Washington: A New York city judge has invalidated city mayor Michael Bloomberg's planned ban on sodas, a day before it was to come into effect.
Justice Milton Tingling, wrote in a ruling on Monday that Bloomberg's law restricting the sale of sugary drinks to not more than 16 ounces, which was effective from March 12, is laden with exceptions based on economic and political concerns.
The regulations are "fraught with arbitrary and capricious consequences" that would be difficult to enforce with consistency "even within a particular city block, much less the city as a whole," the judge wrote. The new law would have exempted a variety of retailers -- including 7-Eleven, seller of the iconic 'Big Gulp' drinks, because it is regulated by the state, not the city.

"The loopholes in this rule effectively defeat the stated purpose of the rule," the judge wrote. Mayor Bloomberg's office said that it will appeal against the order. City officials believe the health department has the legal authority to use the ban to fight an "obesity epidemic," Bloomberg's office said in a tweet.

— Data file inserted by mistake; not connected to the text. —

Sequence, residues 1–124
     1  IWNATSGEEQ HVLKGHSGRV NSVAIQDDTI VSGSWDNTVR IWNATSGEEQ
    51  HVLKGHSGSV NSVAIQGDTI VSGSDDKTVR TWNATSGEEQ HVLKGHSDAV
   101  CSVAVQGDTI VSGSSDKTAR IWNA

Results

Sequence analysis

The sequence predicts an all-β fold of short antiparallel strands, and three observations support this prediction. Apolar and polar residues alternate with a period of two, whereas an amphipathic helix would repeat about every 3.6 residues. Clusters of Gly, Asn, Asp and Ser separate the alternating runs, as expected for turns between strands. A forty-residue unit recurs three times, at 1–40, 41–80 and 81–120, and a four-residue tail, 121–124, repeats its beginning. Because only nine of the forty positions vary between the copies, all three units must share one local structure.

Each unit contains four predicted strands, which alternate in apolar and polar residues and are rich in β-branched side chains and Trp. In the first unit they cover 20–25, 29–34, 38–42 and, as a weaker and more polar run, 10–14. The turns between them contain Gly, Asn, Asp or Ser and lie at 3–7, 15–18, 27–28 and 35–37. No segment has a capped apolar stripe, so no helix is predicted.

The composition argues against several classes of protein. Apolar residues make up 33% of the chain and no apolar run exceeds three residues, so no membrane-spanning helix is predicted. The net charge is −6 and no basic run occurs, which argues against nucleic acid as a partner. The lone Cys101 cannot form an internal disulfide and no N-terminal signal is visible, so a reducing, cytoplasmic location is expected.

However, the court ruling was welcomed by the beverage association, one of the petitioners which challenged Mayor's ruling. "The court ruling provides a sigh of relief to New Yorkers and thousands of small businesses in New York City that would have been harmed by this arbitrary and unpopular ban," American Beverage Association said in a statement.
"With this ruling behind us, we look forward to collaborating with city leaders on solutions that will have a meaningful and lasting impact on the people of New York City," the association said. The office of the mayor released findings of a new study according to which nine of the top 10 neighborhoods with the highest obesity rates city-wide were also the highest in sugary drink consumption.
At the other end, the three least obese neighborhoods were also the lowest in sugary drink consumption, it said. "This new data is the latest evidence that sugary drinks are helping to drive the obesity epidemic, which falls hardest on low-income communities," Bloomberg said. "Obesity is killing more than 5,000 New Yorkers each year and demands bold steps to fight this crisis; this week New York City will do precisely that," he said.


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